Like many on social media, Bianca Havenga uses her Instagram for the occasional selfie and to share personal updates with her close friends — so she didn’t suspect anything when one of her co-workers seemingly messaged her, asking for help.
The messages, which included personal details about the account owner, came with a request. The co-worker apparently needed help to win an online competition.
But though the messages were coming from her co-worker’s account, it was a complete stranger on the other end. By the end of the night, Havenga had been locked out of her own account — and she hasn’t been able to access it since.
Havenga said she fell victim to the online scam about two weeks ago. The person who had taken over her co-worker’s account referenced their children and other personal details about them, leading Havenga to believe she was actually chatting with someone she knew.
“They sent me a link, but they said not to click on it — specifically, not to click on it. I don’t know why,” said Havenga.
“He told me just to screenshot and send it back to him.”
That’s exactly what she did, Havenga said. She didn’t realize something was wrong until one of her friends alerted her to an odd post that had appeared on her Instagram feed.
“They said, ‘Did you just post this? It doesn’t look like something you would post.’ When I went to go into my Instagram, I couldn’t get into it whatsoever,” Havenga said, adding she quickly made a new account.
“So then I looked up my [old] Instagram, so I could see what he was doing. And then afterwards, he blocked me from my own Instagram.”
Havenga’s original account is now being used to send similar scam messages, asking her followers if she can help them win an online competition.
She added some of her friends have forwarded her the messages they’ve received from the account thief — even referencing personal details about Havenga to convince them it’s her.
“They know certain things about me. They know my friends, people I communicate with closely. They know I’m in nursing, because it’s on my Instagram and stuff like that,” she said, adding she receives messages from people every day asking if her old account has been hacked.
“Just yesterday, I had four people asking me about it.”
How does the hack work?
Unlike other online scams where a fake account asks users to click on a link, this scam that Havenga fell victim to uses real accounts to trick their victims.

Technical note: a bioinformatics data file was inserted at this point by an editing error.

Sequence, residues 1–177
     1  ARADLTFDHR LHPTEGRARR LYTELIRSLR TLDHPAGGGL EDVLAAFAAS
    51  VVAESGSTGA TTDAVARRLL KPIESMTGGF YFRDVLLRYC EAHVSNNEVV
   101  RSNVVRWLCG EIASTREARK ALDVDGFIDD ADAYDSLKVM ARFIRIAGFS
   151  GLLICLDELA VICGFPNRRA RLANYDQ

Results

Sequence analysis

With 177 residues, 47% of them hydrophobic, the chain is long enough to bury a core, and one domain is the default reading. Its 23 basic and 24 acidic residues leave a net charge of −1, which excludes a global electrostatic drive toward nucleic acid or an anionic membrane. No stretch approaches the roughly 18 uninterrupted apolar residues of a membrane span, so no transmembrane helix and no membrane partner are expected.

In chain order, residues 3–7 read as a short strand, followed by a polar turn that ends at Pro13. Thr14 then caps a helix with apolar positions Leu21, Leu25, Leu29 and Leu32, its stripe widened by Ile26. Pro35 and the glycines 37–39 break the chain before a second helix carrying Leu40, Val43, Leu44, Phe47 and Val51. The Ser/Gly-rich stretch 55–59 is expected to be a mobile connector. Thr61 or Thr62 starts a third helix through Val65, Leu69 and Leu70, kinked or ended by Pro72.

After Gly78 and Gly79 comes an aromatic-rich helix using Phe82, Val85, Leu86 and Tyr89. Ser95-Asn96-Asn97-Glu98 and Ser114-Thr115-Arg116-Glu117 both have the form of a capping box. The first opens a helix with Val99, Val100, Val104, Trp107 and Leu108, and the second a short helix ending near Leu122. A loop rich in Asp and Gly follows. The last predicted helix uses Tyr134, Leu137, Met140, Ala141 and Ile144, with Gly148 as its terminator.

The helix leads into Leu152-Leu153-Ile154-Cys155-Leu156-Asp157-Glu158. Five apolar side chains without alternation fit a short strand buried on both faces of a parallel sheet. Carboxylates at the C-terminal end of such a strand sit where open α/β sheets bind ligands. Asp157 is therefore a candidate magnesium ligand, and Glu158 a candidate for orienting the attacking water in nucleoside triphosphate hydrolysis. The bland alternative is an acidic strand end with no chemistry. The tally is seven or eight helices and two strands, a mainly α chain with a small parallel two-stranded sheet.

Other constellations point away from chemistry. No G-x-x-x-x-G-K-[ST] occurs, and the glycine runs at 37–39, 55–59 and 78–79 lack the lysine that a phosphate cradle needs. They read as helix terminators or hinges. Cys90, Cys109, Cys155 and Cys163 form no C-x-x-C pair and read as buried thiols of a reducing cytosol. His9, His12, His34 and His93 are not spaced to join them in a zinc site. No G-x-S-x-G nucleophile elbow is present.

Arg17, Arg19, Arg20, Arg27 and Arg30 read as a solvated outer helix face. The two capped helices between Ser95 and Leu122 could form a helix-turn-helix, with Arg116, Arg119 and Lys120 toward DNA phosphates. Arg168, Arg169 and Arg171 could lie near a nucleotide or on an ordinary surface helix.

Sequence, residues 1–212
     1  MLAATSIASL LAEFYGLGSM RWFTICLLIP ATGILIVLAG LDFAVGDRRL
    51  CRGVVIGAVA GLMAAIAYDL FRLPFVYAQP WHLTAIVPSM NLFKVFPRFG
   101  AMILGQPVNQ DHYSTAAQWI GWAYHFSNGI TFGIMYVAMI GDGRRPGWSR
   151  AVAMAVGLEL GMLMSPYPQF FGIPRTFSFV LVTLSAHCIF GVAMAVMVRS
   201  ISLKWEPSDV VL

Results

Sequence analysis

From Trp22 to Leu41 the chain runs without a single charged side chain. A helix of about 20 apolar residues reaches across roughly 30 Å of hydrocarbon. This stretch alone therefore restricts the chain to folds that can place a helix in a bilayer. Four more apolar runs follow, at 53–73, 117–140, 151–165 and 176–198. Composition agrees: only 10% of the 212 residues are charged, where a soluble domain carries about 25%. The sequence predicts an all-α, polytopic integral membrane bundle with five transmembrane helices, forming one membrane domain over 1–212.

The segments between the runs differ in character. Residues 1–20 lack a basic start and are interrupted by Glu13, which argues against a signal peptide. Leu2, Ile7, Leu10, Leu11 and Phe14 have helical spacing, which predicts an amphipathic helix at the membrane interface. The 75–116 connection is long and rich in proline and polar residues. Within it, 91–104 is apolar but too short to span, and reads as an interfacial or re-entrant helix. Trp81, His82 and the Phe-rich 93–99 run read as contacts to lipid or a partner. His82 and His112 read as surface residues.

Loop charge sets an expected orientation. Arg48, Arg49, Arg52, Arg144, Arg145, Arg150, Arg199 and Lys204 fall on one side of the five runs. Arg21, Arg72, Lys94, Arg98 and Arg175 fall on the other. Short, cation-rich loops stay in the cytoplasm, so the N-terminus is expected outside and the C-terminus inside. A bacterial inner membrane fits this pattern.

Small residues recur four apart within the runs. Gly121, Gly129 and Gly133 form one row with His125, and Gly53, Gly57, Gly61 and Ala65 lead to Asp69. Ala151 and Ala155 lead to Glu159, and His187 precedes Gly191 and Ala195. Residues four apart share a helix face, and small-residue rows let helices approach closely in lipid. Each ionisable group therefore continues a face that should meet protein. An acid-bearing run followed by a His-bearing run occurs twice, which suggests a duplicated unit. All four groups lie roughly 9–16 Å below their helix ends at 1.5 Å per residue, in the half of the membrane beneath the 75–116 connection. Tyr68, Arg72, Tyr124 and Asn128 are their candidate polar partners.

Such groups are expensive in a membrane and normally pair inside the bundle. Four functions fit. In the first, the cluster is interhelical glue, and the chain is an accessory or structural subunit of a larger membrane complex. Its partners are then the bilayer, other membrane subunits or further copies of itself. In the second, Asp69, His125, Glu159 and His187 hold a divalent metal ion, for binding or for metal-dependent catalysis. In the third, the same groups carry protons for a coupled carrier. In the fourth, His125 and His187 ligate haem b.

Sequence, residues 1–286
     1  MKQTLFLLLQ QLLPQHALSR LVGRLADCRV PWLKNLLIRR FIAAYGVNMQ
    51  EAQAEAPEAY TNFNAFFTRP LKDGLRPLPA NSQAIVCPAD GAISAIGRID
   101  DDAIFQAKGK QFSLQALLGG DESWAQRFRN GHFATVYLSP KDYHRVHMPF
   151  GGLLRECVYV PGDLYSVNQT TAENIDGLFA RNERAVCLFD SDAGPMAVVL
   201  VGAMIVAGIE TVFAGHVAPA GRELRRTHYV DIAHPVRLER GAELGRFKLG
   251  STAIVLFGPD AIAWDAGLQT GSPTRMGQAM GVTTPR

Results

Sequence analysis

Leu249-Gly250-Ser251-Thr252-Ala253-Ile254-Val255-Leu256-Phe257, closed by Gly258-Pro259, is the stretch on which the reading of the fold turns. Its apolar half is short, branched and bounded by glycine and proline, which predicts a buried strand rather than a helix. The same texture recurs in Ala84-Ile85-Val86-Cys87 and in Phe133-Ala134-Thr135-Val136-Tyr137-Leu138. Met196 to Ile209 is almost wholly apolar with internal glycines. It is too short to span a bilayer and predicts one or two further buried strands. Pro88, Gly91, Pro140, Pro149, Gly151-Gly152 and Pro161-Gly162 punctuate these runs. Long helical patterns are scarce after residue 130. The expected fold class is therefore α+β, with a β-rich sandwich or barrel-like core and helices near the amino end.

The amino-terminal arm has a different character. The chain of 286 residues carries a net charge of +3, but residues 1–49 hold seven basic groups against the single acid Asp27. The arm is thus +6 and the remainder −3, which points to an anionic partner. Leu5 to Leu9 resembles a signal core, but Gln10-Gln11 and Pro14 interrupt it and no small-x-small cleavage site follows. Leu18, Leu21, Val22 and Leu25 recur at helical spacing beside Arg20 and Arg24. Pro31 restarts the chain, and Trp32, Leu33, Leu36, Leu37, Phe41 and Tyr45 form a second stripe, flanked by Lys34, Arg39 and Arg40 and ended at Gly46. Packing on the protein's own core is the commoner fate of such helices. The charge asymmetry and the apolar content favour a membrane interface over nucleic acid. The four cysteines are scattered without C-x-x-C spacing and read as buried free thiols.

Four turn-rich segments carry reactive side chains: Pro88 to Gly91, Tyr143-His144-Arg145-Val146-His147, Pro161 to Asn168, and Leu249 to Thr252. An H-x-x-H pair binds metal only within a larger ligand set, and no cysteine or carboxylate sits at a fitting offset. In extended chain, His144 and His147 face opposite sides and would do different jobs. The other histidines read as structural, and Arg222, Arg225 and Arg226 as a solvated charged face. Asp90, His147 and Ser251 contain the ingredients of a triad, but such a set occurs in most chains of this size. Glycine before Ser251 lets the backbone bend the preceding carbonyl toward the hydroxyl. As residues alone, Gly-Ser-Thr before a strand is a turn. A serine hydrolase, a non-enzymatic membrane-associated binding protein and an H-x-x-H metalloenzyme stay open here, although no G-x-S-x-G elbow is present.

Using a personal account, the scammer will message one of their followers asking if they can take a screenshot of a link and send the photo back to them.
The scammer will assure the victim they do not need to click on the link itself.
The link is officially from Instagram and is meant for users who have forgotten their password. The link is generated only after it’s been sent to the victim.
Once the link shows up, the scammer will ask for a screenshot so they can manually input it on their end, giving them the ability to change the victim’s password and lock them out of their own account.
The victim’s account is then used to send messages to their own followers — and the cycle repeats itself.
Some users have reported scammers giving back their accounts after a few days or weeks. Other users, such as Havenga, tell CTV News they were assured their account details would be given back to them — but the scammer has yet to do so.
Tips to stay safe online
According to a statement from Meta, parent company of Instagram, there are measures users can take to protect themselves from scammers, such as revoking third-party apps from accessing your account and enabling two-factor authentication.
“We have sophisticated measures in place to stop bad actors in their tracks before they gain access to accounts, as well as measures to help people recover their accounts,” said Meta’s company statement.
“We know we can do more here, and we’re working hard in both of these areas to stop bad actors before they cause harm, and to keep our community safe.”
The company added it works with law enforcement “to help find and prosecute the scammers who conduct these activities.” When asked by CTV News for more specifics, company officials said they “don’t have more to share on this.”
“Bad actors will use any means necessary to access an account and we continue working hard to stay ahead of emerging trends,” the statement added.
CTV News also reached out to Windsor-based rust protection company Krown which fell victim to a similar scam last month. Management say they were unsuccessful in their attempts to regain access to their original account and have since made a new one.